Unobservablemanagereffort

    Contracts-compensation-debt covenantsHardNet IncomeInsideinformationInvestmentdecisionFulldisclosureRegulation- Accounting standardsettingFramework of accounting theory - Figure 1-1

  • Standard-setting: Accounting conceptsBACKGROUNDFASB1978 Statement of Financial Actg Concepts #1 - for businesses1980 SFAC #4 - for non-business, not-for-profits & governmentCICA1988 Handbook Section 1000 financial statement concepts1991 Section 1000 extended to non-profits

  • CICA Section 1000Financial statement conceptsObjectives of financial statementsSection 1000.15 --> joint perspectiveCommunicate information that is useful for : making investment & resource decisions and/or assessing management stewardship Unlike U.S., both are equally important

  • CICA - Section 1000Financial statement conceptsObjectives of financial statementsCost- benefit constraint, materialityQualitative characteristics :relevance & reliabilityunderstandability & comparabilitytrade-offsElements, recognition, measurementGAAP (basis on which f/s are normally prepared)

  • RELEVANCE AND RELIABILITYRelevancethe information can make a difference in the users decisionpredictive & feedback value, timelinessReliabilitythe information faithfully represents underlying economic substanceverifiable, unbiased, conservative

  • THE CASE FOR HISTORICAL COSTHistorical cost accounting reflects a particular trade-off between RELEVANCE & RELIABILITY. Which one does it favour ? ? ? ?RELIABILITY by waiting until changes in value are REALIZED income is more certainby smoothing out cash flows income reflects the longer-run earnings power of the business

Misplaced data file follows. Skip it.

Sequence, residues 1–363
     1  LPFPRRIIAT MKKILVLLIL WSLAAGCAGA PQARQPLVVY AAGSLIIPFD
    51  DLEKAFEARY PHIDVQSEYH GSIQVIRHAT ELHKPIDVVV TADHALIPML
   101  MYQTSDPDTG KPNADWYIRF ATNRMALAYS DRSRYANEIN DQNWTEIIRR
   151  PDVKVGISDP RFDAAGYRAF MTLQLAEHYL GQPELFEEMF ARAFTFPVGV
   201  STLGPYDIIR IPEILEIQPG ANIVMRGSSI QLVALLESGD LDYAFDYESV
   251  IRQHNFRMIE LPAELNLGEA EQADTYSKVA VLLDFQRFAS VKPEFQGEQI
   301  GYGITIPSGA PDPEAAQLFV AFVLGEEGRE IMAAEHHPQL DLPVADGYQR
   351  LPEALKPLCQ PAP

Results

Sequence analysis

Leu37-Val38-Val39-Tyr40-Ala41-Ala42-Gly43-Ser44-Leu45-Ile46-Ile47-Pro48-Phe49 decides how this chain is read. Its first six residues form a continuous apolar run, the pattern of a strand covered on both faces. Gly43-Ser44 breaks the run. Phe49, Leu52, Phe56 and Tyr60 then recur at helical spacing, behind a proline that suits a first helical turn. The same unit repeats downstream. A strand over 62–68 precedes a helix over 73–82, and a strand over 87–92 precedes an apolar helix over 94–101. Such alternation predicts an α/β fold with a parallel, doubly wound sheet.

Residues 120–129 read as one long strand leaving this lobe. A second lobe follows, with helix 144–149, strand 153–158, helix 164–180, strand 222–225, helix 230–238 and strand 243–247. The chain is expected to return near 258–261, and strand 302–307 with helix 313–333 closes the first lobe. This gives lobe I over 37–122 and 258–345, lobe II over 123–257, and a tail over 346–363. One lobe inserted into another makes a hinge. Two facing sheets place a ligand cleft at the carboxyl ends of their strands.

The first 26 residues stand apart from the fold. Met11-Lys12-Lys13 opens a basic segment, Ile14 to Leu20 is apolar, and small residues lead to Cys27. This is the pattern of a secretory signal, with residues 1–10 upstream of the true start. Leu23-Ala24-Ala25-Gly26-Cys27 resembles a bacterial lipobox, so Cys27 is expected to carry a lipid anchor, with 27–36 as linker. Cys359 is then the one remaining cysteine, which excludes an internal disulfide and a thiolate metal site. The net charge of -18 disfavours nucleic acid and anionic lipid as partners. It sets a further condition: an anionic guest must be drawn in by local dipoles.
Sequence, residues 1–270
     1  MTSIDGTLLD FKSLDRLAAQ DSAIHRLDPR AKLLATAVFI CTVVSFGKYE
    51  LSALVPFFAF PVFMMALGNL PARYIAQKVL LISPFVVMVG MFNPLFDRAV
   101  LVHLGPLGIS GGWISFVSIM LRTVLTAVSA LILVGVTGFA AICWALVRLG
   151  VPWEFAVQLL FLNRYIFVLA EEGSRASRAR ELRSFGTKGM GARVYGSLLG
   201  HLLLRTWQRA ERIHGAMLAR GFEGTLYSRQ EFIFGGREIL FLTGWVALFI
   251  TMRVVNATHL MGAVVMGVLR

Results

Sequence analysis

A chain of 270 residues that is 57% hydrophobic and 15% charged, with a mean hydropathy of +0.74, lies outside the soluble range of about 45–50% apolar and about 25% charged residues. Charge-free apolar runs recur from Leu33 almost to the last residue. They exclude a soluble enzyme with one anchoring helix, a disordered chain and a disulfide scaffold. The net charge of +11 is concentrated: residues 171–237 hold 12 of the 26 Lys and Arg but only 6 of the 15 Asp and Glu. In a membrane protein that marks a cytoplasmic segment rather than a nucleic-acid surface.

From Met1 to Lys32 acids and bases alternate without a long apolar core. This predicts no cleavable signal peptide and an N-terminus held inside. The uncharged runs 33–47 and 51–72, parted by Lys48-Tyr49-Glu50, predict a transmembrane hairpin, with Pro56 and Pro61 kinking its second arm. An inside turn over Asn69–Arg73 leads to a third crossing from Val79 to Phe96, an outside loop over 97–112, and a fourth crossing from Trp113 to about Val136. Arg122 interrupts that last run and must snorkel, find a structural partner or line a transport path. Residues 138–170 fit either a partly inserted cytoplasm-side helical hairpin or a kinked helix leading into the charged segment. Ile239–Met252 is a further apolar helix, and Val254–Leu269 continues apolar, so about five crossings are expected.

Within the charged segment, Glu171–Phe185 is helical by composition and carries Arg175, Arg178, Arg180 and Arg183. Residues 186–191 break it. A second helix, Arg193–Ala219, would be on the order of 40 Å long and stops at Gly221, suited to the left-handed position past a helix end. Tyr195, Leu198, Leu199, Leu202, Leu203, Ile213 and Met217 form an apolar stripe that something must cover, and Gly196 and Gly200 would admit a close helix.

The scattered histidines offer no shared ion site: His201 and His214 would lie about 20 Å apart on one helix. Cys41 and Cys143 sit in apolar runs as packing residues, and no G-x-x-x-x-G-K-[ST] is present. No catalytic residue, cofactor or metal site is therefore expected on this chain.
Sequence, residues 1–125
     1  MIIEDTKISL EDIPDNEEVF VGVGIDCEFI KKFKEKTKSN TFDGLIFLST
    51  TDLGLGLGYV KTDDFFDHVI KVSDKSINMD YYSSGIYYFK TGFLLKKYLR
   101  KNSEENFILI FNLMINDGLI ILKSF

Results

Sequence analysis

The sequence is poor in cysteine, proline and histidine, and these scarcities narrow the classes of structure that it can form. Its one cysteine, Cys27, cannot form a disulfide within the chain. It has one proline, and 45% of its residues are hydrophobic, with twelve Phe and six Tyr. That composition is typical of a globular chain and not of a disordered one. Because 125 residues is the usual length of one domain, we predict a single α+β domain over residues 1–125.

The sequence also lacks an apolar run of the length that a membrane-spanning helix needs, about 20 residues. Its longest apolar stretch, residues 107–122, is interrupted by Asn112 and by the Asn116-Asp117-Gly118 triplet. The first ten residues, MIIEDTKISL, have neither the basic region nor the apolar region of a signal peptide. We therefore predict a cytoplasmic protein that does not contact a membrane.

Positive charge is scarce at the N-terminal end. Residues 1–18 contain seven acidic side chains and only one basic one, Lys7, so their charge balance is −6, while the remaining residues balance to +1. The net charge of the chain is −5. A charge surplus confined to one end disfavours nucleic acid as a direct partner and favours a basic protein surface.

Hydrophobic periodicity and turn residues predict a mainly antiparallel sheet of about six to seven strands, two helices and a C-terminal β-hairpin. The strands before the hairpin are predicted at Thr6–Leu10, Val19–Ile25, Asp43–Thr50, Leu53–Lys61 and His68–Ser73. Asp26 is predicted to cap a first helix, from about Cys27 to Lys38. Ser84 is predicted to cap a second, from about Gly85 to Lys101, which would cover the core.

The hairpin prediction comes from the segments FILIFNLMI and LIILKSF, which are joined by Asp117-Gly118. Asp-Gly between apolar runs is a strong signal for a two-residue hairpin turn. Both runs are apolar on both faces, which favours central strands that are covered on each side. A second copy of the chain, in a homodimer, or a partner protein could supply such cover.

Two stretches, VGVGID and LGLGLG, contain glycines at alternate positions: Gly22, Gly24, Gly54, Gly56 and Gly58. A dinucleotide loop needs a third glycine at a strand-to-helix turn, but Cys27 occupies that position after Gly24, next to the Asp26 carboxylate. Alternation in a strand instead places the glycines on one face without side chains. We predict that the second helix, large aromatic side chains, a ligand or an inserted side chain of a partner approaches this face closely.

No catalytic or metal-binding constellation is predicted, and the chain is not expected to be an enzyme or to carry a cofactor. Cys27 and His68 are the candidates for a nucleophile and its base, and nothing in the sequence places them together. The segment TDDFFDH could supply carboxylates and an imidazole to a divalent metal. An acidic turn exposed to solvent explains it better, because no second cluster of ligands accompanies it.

• REMAINDER OF SEMESTERDecision usefulness approach Investor's point of viewEconomic consequences model Management's point of view7 weeks of specific accounting issues Earnings managementEconomics and politics of standard setting

  • GOOD NIGHT

    Notes -Notes -Notes -Notes -Notes -Notes decision usefulness is largely descriptive why?information economics has descriptive aspects it looks at what information is prepared and how it is usedbut also has normative aspects what information should be reported, what standards and regulations are justified to ensure this information is made available?Notes -Notes -Notes -Notes -Notes -Notes -Notes -The presentation of accounting theory in the Scott book is organized as shown in Figure 1-1 Starting at the left, we consider an ideal form of accounting, where there is no uncertainty about future returns, rates of return are also known, and so the precise present values of all assets are known and can be used in presenting the balance sheet, and the income in each period.Working across the diagram, the top three green boxes present the investor decision-usefulness perspective while the bottom three pink boxes represent the economic consequences-managers perspective.The first problem encountered is information asymmetry- from the investor perspecitve this information asymmetry is hidden information, which can harm their investment decision and be addressed by accounting that provides full disclosure-from the managers perspective information asymmetry is hidden effort or actions, which can be addressed through contracting on accounting information, requiring accounting to be hard in the sense that it is reliable and objective and verifiable (though perhaps not as relevant for investors decisions)These two separate streams of theory illustrate the fundamental problem that one accounting number cant meet all needs, not even these two primary ones.The resolution to the fundamental problem is provided by regulation: accounting standards are set that attempt to balance the competing needs of investors and managers, however this cannot be done perfectly and is subject to limitations such as cost-benefit constraints and political pressures.